How did you compare to Miss Marple?

If you haven’t finished Agatha Christie’s Murder at the Vicarage, you still have a few hours left to get reading before we meet tonight at Paradise Bakery and Café for our discussion. With cooler, damp, fall weather moving in, it’s the perfect time to be inside a cozy café sipping a warm beverage, enjoying a delicious baked treat and discussing a good old fashioned murder mystery from one of the most prolific authors of all time.

Here are a few questions to get you thinking and to get us talking about the book (in no particular order):
  1. The book is told from the first person point of view of the vicar rather than from the point of view of a narrator or Miss Marple. Was this unusual to you? Do you think it enhanced or hurt the book?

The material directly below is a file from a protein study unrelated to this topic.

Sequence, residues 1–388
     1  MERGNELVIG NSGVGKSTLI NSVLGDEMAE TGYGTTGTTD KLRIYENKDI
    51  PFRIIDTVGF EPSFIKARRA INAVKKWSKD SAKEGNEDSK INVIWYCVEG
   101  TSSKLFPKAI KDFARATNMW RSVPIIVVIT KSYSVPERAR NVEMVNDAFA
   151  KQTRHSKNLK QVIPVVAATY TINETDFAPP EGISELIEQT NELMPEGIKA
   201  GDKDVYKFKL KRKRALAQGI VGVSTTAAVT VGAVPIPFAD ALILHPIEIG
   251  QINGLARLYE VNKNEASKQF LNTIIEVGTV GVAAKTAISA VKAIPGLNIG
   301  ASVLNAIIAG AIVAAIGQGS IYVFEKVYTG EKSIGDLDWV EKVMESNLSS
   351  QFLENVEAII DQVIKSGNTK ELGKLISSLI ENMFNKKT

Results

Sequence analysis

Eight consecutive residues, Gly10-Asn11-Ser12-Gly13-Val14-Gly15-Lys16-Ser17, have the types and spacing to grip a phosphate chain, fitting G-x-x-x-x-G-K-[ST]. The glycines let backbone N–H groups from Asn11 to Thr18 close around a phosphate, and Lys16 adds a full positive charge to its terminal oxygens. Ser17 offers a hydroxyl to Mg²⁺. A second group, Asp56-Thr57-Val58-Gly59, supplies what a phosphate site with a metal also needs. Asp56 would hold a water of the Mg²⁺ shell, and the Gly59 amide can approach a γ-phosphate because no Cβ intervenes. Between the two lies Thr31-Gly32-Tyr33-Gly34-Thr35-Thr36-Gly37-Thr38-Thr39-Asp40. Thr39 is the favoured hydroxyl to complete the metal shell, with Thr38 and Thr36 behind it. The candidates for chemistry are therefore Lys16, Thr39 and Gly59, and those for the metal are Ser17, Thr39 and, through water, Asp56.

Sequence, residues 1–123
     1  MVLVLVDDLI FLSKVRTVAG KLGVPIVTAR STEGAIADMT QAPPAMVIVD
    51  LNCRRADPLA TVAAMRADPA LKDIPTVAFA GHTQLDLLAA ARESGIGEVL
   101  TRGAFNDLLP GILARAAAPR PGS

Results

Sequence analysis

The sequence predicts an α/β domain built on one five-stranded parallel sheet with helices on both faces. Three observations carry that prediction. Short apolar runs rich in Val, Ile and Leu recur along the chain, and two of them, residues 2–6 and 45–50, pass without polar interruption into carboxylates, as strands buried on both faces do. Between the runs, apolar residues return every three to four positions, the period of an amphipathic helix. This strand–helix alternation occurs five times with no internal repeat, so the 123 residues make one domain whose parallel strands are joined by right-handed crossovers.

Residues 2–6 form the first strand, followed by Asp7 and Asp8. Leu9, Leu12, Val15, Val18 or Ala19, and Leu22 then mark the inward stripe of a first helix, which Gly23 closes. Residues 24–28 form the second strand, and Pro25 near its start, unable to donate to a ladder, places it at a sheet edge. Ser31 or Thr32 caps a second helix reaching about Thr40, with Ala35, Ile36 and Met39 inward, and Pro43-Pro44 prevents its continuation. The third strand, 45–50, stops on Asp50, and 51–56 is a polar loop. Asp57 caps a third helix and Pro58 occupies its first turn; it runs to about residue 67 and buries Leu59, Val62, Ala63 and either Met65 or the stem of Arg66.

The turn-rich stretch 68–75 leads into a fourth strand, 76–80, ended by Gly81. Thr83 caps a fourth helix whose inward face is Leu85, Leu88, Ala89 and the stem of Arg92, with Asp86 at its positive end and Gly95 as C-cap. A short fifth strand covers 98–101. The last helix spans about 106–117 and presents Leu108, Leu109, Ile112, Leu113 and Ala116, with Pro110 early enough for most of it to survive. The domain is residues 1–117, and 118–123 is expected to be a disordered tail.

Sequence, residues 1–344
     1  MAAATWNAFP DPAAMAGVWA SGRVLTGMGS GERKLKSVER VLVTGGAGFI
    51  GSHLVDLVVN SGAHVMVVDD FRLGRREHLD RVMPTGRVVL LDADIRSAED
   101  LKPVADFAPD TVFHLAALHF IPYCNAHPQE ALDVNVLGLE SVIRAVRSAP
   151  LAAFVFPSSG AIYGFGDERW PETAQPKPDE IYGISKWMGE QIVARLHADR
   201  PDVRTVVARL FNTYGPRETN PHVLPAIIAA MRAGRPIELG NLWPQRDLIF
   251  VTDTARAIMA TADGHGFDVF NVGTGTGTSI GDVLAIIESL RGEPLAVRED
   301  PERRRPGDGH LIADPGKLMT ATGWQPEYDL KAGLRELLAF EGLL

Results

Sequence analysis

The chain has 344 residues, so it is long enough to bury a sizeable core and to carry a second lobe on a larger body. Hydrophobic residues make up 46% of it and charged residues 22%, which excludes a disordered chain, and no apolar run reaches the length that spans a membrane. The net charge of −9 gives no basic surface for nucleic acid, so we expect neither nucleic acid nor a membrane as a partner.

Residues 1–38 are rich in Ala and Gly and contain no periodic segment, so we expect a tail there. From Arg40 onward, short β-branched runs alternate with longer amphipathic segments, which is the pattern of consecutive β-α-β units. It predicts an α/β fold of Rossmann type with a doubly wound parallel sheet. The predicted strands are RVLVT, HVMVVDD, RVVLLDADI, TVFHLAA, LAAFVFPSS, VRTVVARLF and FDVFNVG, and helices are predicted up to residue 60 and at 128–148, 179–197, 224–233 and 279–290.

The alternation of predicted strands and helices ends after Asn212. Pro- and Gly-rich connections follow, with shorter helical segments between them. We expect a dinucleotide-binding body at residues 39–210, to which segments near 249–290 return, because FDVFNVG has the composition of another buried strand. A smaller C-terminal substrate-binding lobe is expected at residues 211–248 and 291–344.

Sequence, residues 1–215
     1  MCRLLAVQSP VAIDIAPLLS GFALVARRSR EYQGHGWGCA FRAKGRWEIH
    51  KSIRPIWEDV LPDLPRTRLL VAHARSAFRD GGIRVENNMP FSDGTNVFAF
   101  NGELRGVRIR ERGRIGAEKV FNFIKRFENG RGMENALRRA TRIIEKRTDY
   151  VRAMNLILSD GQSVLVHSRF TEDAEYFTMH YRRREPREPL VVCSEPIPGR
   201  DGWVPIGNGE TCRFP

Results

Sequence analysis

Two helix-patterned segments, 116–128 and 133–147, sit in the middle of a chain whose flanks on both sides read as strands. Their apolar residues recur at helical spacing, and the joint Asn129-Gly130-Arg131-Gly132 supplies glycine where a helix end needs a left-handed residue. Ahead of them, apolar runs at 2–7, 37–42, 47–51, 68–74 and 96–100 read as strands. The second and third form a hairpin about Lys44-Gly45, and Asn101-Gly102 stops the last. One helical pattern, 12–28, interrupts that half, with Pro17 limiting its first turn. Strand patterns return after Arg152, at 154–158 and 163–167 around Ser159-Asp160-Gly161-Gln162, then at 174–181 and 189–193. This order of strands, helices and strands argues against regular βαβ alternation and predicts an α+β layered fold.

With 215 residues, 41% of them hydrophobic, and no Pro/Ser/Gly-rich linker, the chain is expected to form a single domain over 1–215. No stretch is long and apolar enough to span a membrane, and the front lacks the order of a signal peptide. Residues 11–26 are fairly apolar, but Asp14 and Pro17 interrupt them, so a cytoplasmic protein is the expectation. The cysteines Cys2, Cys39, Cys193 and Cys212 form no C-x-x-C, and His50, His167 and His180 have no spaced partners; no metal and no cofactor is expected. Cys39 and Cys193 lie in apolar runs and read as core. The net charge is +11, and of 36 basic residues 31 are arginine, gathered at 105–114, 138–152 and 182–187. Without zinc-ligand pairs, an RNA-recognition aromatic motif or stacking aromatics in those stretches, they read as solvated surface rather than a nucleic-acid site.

2. At one point Miss Marple says she has a certain number of suspects. Did you suspect the same number of people she did?
  3. When the mystery was solved, were you right? If not, who was your prime suspect and why?
  4. Do you have a “Miss Marple” in your life? Do you see your self having Miss Marple-like tendencies?
  5. How did this mystery novel compare with any other mystery novels you have read. Were they written after this one? If so, do you think Agatha Christie’s writing may have influenced that author? Why or why not?
Hope to see you all tonight at 7!